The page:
The Griffith Library's specialized collections are an integral part of Sackler Library, which embraces the wider discipline of Old World archaeology and ancient history; and maintains historical continuity by acquiring publications in the fields of Papyrology, the Hellenistic, Roman and Byzantine East and Graeco-Roman Egypt.
The Griffith Library contains 30,000 titles
dedicated to Egyptology, Coptic and Ancient Near Eastern Studies. The nucleus
of the Egyptology Collection, described in the 1995 edition of Who was Who
in Egyptology as "the finest one in existence", was formed by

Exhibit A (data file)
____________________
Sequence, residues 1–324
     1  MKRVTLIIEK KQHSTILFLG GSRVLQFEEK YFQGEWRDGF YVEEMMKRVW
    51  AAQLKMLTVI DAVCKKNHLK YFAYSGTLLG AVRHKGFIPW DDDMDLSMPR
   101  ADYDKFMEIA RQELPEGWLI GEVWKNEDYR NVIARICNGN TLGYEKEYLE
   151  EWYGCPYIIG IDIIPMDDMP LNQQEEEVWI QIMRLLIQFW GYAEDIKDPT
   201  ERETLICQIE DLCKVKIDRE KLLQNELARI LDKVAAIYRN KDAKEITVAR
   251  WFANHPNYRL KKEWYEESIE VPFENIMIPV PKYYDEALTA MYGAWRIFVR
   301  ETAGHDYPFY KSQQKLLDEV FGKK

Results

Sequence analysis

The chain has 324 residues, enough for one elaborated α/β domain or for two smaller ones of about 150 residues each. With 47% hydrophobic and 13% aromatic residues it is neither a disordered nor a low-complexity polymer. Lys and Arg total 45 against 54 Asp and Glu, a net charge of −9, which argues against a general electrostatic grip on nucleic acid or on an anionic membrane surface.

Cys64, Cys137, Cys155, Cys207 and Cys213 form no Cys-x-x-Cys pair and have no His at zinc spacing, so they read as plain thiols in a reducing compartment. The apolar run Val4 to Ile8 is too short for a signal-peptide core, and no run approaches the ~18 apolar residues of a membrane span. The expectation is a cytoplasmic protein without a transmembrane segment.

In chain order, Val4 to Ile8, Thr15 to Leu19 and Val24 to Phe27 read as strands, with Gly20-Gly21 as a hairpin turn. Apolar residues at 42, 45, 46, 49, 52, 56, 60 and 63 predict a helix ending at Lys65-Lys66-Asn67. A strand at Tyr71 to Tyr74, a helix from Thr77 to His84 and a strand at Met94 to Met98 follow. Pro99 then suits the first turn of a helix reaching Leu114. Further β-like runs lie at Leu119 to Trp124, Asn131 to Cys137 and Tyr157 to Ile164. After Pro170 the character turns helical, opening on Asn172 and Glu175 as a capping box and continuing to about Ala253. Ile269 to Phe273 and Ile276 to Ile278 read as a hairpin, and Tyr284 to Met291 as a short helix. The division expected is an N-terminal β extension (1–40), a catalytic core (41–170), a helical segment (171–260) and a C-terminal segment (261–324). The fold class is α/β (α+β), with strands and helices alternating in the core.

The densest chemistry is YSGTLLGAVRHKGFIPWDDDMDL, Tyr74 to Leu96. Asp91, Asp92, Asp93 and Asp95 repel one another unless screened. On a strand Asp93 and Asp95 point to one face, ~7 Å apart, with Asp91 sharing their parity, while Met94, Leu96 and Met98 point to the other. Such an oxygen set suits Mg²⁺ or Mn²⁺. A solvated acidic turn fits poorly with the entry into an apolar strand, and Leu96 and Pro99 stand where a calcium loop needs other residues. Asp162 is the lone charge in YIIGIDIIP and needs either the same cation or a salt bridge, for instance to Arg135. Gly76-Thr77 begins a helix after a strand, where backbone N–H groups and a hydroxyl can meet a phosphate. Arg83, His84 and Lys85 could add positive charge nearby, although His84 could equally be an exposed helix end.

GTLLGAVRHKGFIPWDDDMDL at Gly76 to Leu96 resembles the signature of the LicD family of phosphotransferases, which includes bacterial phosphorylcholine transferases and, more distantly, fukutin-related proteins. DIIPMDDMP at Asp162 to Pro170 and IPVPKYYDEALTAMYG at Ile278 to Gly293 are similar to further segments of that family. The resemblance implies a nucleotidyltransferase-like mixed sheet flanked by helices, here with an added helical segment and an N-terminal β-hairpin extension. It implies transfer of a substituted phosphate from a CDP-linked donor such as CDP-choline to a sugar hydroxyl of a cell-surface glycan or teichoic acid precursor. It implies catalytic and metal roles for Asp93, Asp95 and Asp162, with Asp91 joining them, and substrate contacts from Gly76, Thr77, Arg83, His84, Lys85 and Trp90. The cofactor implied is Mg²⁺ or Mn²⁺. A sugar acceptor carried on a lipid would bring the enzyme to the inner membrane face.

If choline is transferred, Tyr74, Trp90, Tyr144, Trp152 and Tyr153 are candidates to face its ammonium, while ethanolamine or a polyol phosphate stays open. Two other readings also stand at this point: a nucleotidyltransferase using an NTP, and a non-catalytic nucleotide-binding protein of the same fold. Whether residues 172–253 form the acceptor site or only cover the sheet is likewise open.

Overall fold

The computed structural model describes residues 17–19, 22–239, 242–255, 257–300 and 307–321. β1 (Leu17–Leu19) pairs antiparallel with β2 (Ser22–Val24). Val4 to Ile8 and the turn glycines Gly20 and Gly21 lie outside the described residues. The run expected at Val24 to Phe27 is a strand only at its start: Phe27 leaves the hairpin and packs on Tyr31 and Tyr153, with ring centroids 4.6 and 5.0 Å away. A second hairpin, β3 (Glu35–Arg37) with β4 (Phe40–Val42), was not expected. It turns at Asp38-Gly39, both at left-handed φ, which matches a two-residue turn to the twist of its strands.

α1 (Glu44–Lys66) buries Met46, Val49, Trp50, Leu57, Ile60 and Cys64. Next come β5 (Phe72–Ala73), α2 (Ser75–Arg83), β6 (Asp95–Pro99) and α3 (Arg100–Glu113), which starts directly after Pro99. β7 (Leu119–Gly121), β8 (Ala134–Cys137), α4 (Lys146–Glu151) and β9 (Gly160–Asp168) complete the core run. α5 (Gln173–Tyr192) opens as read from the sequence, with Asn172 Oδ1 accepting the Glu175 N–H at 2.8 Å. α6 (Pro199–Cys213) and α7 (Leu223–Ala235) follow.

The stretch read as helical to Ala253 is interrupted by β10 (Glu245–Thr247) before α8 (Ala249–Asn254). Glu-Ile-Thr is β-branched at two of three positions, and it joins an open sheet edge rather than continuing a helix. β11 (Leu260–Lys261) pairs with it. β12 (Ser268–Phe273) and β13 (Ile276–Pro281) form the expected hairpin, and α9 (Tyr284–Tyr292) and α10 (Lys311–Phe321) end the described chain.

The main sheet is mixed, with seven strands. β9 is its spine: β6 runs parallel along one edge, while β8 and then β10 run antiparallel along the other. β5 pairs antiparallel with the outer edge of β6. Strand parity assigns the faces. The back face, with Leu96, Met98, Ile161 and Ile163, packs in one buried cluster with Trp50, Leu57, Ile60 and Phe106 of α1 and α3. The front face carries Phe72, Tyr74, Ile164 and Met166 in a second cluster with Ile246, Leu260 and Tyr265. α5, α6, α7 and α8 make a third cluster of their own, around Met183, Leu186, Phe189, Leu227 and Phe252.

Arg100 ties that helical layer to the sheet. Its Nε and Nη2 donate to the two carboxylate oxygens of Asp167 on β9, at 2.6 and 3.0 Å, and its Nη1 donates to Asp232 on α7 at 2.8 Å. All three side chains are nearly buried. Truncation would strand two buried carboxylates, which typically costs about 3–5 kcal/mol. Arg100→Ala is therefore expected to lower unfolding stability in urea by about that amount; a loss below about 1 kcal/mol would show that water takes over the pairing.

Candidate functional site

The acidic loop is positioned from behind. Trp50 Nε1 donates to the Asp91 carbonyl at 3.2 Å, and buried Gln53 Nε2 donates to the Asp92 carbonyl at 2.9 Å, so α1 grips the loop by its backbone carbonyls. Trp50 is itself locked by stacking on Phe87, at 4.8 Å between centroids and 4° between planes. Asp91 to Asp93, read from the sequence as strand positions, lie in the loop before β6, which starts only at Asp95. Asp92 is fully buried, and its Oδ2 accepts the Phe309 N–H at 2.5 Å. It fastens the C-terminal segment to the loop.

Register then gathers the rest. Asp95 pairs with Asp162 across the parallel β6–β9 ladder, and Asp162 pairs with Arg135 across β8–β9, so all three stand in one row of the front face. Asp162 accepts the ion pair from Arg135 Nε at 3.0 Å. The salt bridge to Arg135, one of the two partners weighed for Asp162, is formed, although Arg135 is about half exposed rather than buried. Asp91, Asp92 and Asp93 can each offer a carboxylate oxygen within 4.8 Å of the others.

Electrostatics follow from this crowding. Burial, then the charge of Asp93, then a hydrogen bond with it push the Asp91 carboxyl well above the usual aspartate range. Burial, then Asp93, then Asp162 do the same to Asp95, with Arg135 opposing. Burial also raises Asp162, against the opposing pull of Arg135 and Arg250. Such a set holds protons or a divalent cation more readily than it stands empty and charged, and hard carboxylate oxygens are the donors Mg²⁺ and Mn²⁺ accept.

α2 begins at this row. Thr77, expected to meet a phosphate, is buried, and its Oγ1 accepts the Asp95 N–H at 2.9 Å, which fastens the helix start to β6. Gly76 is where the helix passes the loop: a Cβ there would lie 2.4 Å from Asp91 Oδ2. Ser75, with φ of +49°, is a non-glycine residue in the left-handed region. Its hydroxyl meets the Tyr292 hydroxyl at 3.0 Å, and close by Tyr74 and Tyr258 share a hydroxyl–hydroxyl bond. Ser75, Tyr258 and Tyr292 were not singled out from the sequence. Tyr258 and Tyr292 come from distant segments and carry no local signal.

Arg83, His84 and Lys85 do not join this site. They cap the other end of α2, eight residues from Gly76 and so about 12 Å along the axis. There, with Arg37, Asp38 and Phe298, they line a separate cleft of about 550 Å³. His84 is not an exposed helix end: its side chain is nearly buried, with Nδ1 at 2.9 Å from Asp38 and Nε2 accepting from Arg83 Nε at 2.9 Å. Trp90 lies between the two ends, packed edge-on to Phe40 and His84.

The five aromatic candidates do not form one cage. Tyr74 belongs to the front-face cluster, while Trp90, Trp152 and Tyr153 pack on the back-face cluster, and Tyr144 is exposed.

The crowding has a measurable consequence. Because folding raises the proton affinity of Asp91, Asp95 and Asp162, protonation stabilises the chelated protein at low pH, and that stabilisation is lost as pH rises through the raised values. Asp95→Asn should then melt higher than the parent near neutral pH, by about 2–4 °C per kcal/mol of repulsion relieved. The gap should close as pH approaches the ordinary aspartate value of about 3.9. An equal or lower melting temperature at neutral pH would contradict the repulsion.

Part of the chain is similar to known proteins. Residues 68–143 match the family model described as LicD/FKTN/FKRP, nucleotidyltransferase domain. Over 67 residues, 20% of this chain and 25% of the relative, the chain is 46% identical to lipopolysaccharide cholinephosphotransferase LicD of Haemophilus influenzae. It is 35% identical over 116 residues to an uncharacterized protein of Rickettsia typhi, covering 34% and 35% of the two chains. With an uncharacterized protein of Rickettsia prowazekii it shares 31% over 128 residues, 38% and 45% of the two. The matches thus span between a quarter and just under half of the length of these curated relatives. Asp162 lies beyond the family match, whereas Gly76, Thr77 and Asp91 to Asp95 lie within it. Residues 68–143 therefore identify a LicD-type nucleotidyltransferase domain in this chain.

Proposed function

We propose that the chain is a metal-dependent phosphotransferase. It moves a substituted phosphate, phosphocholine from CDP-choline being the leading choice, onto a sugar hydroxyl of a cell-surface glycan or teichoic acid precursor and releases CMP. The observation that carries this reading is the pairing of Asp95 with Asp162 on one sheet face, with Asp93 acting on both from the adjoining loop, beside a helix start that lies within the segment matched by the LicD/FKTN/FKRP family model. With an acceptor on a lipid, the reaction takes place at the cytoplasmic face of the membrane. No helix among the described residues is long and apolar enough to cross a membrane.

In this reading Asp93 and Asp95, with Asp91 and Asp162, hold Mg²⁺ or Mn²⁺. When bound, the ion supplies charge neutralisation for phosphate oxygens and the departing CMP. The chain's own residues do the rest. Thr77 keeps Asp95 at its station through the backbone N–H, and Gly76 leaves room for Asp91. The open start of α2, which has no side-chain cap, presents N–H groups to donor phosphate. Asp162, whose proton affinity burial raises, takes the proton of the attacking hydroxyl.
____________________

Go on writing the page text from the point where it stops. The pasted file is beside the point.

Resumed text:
Francis Llewellyn Griffith and bequeathed to the University of Oxford in 1938.
Since that date, Griffith's endowment has been used to keep this collection
The Griffith Library was further enhanced in 1944 with the acquisition of the library of Walter Ewing Crum, one of the foremost Coptologist of his time. It forms the core of an expanding collection that focuses on the language, literature and material culture of the Copts.
The Ancient Near Eastern Collection has been developed and expanded principally from the bequests of Griffith and his contemporary, Professor Archibald Henry Sayce (1845- 1933), and includes material donated by Sir Alan Henderson Gardiner (1879-1963). It focuses on the archaeology of the Middle East and cuneiform languages.
(March 21, 2001)